There once was a man who was not a young man, who once thought he would write stories but his writings were unfinished or lacking, who once dreamt big dreams but they drifted away as many dreams do. His life was not unfulfilled; he found work that he was good at, fell in love with another man with whom he’d find much happiness, and generally lived a life that was prosperous and filled with many friends and accomplishments.
One day, back when computers were young and modems blared like sobbing sirens, this man found incredible games in worlds of text, bringing back memories of high school and college where you could adventure through dangerous dungeons and fight fantastical dragons with a pencil, graph paper and some like-minded friends. In one of these virtual worlds, he met another man who was still young and ambitious, and who created a new virtual world and invited the older man to explore this new game. After several years, the man who was not young immersed himself in this new game, rose to virtual divinity, and loved creating stories for players to enjoy.
The younger man offered the other, who definitely was not young now, an opportunity to create his own virtual world, and the dreams that seemed lost came scampering back. Even though he worked ten-hour shifts in the corporate slums, he embraced the opportunity to create his own game, though the learning curve was high and the amount of work near overwhelming. Along with a coder who followed the man’s dream, a new virtual world was born, spun from stories long kept banked in the embers of his imagination. Even though the game was never able to let him leave his day job, he steered the game forward and it prospered for nearly a decade and a half.
But prosperity doesn’t last forever, and disaster struck the beloved game of the man, who now was old (and let us not forget was never young when this tale began). Many players disappeared from the virtual world he built, and the man was too blind to see it coming. Perhaps he did not listen to those who foresaw the diaspora, perhaps he was too proud and stuck in his ways, perhaps he thought the game would continue forever as it was. Perhaps he was just too old. We will never know the answers because the man does not know.
Of course, that man who is now an old man is me. I just turned 54–if you think age is just a number and 54 isn’t all that much, then you must still revel in at least relative youth and not realize that the body and mind are not cast in amber, forever changeless and pristine. I still work ten-hour shifts in the corporate world and still dedicate myself to Lusternia. It’s harder than it was 14 years ago, I can’t deny the reality of aging, but neither can I deny that Lusternia is as much a part of me as my left arm or my waking dreams.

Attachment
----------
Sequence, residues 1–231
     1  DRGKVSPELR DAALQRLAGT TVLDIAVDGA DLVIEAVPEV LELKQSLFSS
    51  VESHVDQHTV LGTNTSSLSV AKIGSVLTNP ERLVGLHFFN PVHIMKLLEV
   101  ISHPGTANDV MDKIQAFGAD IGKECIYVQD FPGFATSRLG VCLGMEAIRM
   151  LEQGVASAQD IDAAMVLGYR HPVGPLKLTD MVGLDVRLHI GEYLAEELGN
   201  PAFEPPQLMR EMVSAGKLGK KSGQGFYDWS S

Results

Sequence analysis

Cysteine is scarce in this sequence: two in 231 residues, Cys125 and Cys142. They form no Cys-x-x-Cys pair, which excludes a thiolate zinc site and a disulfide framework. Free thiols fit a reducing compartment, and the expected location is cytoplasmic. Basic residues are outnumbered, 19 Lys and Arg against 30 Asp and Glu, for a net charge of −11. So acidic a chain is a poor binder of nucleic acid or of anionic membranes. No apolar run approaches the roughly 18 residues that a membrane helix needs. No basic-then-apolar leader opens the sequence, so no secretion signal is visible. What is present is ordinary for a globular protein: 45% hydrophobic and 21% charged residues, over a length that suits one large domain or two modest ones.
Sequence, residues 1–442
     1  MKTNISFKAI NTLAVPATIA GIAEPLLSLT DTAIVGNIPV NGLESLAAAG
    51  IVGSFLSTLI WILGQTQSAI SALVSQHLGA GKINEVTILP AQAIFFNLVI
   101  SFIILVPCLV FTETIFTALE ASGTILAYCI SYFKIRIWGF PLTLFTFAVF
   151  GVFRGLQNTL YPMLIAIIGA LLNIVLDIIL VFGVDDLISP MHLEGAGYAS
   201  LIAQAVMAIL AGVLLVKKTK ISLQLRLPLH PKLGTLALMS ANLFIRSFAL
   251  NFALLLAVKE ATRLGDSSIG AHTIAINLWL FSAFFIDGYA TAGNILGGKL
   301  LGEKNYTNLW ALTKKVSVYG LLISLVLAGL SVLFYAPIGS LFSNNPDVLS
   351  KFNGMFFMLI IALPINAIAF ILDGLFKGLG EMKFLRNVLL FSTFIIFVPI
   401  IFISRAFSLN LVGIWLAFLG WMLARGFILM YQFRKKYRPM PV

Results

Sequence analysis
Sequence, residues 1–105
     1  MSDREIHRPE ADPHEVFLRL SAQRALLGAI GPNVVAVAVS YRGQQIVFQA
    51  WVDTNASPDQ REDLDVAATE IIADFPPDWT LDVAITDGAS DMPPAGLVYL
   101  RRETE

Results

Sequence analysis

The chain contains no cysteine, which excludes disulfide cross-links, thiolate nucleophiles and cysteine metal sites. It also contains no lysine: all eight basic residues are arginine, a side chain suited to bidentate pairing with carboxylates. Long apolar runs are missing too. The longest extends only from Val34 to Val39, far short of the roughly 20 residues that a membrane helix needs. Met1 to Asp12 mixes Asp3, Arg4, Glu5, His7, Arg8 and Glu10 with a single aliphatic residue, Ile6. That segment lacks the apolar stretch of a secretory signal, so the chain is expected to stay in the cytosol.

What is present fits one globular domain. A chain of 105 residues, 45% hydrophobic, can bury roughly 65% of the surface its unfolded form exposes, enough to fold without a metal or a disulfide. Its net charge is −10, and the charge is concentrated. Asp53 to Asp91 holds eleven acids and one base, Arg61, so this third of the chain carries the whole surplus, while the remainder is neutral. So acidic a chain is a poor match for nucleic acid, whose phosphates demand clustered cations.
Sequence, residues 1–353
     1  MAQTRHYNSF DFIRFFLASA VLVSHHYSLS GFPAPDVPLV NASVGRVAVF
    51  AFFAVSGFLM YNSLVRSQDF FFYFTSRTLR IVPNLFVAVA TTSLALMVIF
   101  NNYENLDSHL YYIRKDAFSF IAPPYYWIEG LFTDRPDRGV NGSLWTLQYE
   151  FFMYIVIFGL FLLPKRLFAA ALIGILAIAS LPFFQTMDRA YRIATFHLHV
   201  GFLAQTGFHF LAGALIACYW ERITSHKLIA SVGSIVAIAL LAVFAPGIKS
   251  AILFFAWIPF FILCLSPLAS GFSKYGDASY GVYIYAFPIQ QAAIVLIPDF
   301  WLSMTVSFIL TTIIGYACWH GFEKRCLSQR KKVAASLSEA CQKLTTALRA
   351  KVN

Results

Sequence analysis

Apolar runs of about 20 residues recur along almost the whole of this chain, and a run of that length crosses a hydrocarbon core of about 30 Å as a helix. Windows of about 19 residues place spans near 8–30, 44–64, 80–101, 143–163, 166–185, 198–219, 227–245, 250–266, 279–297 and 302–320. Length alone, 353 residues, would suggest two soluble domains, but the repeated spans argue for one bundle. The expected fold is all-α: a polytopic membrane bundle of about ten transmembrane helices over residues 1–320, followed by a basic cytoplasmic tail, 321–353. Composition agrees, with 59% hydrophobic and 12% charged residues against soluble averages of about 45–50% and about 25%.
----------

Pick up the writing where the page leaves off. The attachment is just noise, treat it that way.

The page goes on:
I wasn’t sure how to review this year, for it is no secret that a large population of our players has moved on to other pastures, and I want to be transparent and honest with those who have stuck by us. Rather than spinning rosy pictures of imminent returns to Lusternia’s earlier days of glory, I will merely reassure all players, as Iron Realms has reassured me, that Lusternia will always have a home under its banner, and for that I am forever grateful.
However, things must change, as all things must, and Lusternia will become free-to-play (like Imperian) within the next several months. At that time, you will still be able to purchase credits and have elite memberships, but you will not be able to retire and transfer credits earned after the switch-over. Your retirement value will be locked at the time of the switch. However, you will then be able to earn daily credits in the game, up to 20 credits a day, through questing and bashing and other ways of participation.
I am still the producer and have no plans of leaving. I will always be part of Lusternia, whether I am paid or not, whether I have a job title or not, so long as you and Iron Realms will have me. For better or worse, you are stuck with me! Also, Orael continues as our coder, and our incredible volunteers will continue to support us and create amazing stories.
We will, however, have to bite the bullet and make some changes to the economy that some of you may find challenging. You will see some rapid changes to commodity production, gold generation, and questing rewards within the next several months. A new economy is needed to maintain a healthy and sustainable game world.
There is also a very exciting new system coming within the first half of the year (hopefully before April) that will provide more motives for guilds, more daily activities, and more competition among the player organizations. I really don’t want to say more, but wanted to let you know that we aren’t slowing down development and will continue coming up with new features.
Finally, I want to thank the players who have stuck with us, through thick and thin, in fair weather and foul. The new reporting system is an opportunity to let you guide us in what you want to see in Lusternia.
For those who have left Lusternia, if you even read this, I want to thank you for helping shape the world and apologize if I did not listen to your needs. I hope one day you might return to see how Lusternia has risen from the ashes. But whatever you decide, I wish you well.Love and respect,
Robb French a.k.a. Estarra
Producer of Lusternia